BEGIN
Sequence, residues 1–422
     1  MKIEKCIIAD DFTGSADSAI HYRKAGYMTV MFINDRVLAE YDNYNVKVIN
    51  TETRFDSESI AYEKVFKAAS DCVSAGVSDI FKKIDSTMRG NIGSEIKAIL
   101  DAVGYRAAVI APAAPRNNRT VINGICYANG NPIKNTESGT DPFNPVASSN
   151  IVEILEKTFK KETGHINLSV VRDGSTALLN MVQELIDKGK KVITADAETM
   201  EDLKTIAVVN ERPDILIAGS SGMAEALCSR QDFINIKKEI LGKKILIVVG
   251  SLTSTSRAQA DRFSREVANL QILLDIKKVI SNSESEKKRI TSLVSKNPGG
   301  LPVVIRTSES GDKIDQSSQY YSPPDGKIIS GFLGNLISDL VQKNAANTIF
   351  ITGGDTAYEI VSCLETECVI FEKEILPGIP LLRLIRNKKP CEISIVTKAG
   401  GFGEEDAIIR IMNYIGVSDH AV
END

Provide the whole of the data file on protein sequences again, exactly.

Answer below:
Sequence, residues 1–422
     1  MKIEKCIIAD DFTGSADSAI HYRKAGYMTV MFINDRVLAE YDNYNVKVIN
    51  TETRFDSESI AYEKVFKAAS DCVSAGVSDI FKKIDSTMRG NIGSEIKAIL
   101  DAVGYRAAVI APAAPRNNRT VINGICYANG NPIKNTESGT DPFNPVASSN
   151  IVEILEKTFK KETGHINLSV VRDGSTALLN MVQELIDKGK KVITADAETM
   201  EDLKTIAVVN ERPDILIAGS SGMAEALCSR QDFINIKKEI LGKKILIVVG
   251  SLTSTSRAQA DRFSREVANL QILLDIKKVI SNSESEKKRI TSLVSKNPGG
   301  LPVVIRTSES GDKIDQSSQY YSPPDGKIIS GFLGNLISDL VQKNAANTIF
   351  ITGGDTAYEI VSCLETECVI FEKEILPGIP LLRLIRNKKP CEISIVTKAG
   401  GFGEEDAIIR IMNYIGVSDH AV